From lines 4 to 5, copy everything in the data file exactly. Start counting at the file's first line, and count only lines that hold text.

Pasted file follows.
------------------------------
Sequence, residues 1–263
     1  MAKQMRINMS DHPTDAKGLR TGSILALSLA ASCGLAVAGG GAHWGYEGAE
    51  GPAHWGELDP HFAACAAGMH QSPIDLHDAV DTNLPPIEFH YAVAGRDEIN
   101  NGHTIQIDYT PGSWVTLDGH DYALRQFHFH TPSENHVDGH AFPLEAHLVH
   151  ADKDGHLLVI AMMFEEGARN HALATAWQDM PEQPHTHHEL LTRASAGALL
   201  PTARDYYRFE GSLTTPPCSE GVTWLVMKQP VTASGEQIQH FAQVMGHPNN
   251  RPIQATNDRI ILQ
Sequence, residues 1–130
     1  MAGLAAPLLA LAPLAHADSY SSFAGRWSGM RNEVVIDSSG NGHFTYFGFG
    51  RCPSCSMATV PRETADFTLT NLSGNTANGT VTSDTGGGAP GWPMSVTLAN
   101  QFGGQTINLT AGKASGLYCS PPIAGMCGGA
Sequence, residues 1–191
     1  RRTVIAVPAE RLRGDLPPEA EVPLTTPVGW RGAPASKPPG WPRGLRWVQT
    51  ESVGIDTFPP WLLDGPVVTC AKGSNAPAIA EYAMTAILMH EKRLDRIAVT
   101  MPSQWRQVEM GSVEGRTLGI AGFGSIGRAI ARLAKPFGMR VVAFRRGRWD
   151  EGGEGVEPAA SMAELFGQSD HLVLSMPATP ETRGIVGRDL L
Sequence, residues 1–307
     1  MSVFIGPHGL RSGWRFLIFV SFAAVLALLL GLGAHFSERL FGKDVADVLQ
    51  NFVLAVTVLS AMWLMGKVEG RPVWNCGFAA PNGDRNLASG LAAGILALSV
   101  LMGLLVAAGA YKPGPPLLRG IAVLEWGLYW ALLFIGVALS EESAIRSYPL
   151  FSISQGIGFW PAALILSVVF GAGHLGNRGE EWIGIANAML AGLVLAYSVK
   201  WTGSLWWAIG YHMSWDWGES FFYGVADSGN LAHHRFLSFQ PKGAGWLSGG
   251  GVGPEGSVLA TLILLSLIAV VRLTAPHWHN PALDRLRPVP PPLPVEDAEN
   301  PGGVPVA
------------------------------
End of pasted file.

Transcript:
   101  NGHTIQIDYT PGSWVTLDGH DYALRQFHFH TPSENHVDGH AFPLEAHLVH
   151  ADKDGHLLVI AMMFEEGARN HALATAWQDM PEQPHTHHEL LTRASAGALL